Make sure you follow Euro 2024 office sweepstake rules – there’s a way you could be fined £5k or end up in prison

EURO 2024 office sweepstake entrants could be breaking the law if they make very simple mistakes.

With this year’s UEFA European Championship beginning in just days, sweepstakes will be enjoyed all across the continent.

RexThose playing in office sweepstakes for Euro 2024 should be aware of the law[/caption]

APEngland kick off their Euro 2024 campaign this Sunday[/caption]

Euro 2024 will kick off on Friday when hosts Germany take on Scotland in Munich, and then it’ll end in Berlin exactly one month later when 24 teams will have been whittled down to two to contest the final.

Many office sweepstakes will be set up by workers getting behind each of the European nations involved.

Sweepstakes are a type of lottery, which means customers pay to enter and gain the chance to win a prize based on chance.

If you’ve played before you will know that you typically pick names at random out of a hat.

Each player is hoping their assigned team will make it all the way to the end of the tournament as champions to take a prize, which is usually a pot of money raised by all players.

But while many of us have taken part in sweepstakes in the past, it’s likely you have never given a single thought to whether it is legal.

In fact, setting up an illegal lottery could land you in hot water, resulting in 51 weeks in prison or a £5,000 fine.

Ahead of all the excitement, solicitors Poppleston Allen have revealed the rules you should be aware of to ensure you are fully compliant while running the wager.

The law for what is allowed is governed by the Gambling Act 2005, with the Gambling Commission publishing guidance on the regulations surrounding fundraising, raffles and lotteries.

In the new post-pandemic world of work, remote working employees who enter your sweepstake could be breaking the law.

The draw must be done physically at the business premises – which means if you’re working from home, you can’t participate unless you go into the office to partake in the draw.

All players must also work at the same physical offices – so that means the London office can’t participate in the Manchester office’s draw, for example.

You cannot run sweepstakes across multiple offices, say the legal experts.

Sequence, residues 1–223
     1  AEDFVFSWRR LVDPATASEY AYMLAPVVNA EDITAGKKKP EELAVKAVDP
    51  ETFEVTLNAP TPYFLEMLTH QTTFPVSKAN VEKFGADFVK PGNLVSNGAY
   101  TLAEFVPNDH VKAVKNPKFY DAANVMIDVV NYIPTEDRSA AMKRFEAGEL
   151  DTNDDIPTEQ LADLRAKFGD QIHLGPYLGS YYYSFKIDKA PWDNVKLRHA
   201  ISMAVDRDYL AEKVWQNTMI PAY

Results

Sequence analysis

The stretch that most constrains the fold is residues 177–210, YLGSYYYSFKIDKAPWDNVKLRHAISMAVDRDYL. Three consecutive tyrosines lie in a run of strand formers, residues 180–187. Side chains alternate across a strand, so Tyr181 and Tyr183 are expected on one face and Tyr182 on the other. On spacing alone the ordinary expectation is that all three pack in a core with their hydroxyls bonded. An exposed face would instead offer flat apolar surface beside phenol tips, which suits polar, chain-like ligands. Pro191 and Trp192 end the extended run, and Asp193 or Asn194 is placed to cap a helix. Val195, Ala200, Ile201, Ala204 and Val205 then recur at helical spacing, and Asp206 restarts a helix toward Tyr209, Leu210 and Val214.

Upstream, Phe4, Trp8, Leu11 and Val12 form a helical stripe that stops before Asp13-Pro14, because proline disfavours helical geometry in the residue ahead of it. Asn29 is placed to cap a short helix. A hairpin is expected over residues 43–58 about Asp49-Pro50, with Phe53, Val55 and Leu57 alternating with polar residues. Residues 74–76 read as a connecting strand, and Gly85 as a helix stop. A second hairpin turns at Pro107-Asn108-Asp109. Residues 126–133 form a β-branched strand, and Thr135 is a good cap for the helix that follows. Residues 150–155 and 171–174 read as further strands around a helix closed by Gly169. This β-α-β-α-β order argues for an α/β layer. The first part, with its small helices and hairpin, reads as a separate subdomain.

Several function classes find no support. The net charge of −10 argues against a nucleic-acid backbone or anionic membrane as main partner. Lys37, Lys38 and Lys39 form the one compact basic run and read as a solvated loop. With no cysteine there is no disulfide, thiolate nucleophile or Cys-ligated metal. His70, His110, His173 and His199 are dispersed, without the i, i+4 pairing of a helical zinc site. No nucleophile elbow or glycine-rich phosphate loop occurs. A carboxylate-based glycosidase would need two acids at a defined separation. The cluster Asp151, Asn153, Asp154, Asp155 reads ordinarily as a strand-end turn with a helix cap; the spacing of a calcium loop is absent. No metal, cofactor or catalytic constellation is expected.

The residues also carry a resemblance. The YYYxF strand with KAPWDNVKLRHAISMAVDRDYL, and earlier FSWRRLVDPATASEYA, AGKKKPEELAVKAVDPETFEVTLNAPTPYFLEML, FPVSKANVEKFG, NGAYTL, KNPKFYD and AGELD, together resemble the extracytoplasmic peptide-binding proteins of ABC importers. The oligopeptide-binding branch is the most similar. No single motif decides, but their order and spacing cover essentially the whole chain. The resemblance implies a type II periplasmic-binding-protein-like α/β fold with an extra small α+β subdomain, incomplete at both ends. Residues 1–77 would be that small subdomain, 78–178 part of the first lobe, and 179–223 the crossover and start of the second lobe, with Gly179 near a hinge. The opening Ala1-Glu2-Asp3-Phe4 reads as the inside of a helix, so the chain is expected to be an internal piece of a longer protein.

Proceeds can be used for charitable purposes, or given to participants as prizes.

The promotion/customer lottery must only be advertised on work premises, not online.

Likewise, the lottery must only be promoted by those working in a single set of offices.

There must be a winner, as monies cannot be rolled over to another game and participants must pay the same price for each ticket.

It is also important to note that the rights attached to the ticket cannot be passed on to another person once purchased.

Organisers can deduct reasonable expenses from the proceeds to cover the cost of prizes and tickets.

A Poppleston Allen spokesperson said: “Ultimately, it is a criminal offence to run an illegal lottery and you could face prosecution.

“The maximum punishment for breaches is 51 weeks in prison or a £5,000 fine.

“However, the rules are straightforward and easy to follow. But if you’re unsure of a situation regarding office sweepstakes, please feel free to contact any of the Poppleston Allen licensing solicitors – and may your chosen team make it to the final!”


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England take on Serbia at the Veltins-Arena in Gelsenkirchen in western Germany this Sunday.

But while it will be the chance for Gareth Southgate’s men to lay down a marker as one of the favourites to win the Euros, the match could be the centre of hooliganism for many fans.

Their opening clash with Serbia has been identified as one of the four “high-risk” matches in the group stages of the tournament this season.

Following the Covid pandemic and the winter Qatar World Cup, this tournament presents the first chance for a new generation of supporters to follow England at a major tournament.

Approximately 1,600 known troublemakers were forced to surrender their passports for the duration of Euro 2024.

However, there is a real and genuine threat of rival fans wanting to confront their English counterparts in Germany – especially by the Serbians.

Serbian hooligans have built a reputation as some of the most violent football fans in the whole world.

Gareth Southgate will take the handbrake off at Euro 2024… because he has no choice

By Charlie Wyett

GARETH SOUTHGATE will have no choice but to take the handbrake off his England team at Euro 2024.

The defensive crisis gripping the Three Lions means the only option in Germany, within ­reason, will be outright attack.

Southgate has often been lambasted for his safety-first approach — even if he points out you must go back to Walter Winterbottom’s sides in the 1950s to find an England manager with a better scoring record.

But with the crocked Harry Maguire left out, Luke Shaw not fit enough to start the tournament and John Stones having made just 12 ­Premier League starts this season, this is not a defence you would stake your life on.

The last time England went to a major tournament in Germany — the 2006 World Cup — the four centre-backs selected were Sol Campbell (68 caps), Rio Ferdinand (47), Jamie Carragher (25) and John Terry (24).

This time, when England fly out on Monday, the quartet will be Lewis Dunk (six), Joe Gomez (14), Marc Guehi (ten) and Ezri Konsa (three).

It makes Southgate’s decision not to recall the 49-cap Eric Dier for his ­provisional squad even stranger — especially considering his strong end to the season with Bayern Munich.

The elder statesman in his defence — and the one who absolutely has to stay fit — is 71-cap Stones.

The Sun

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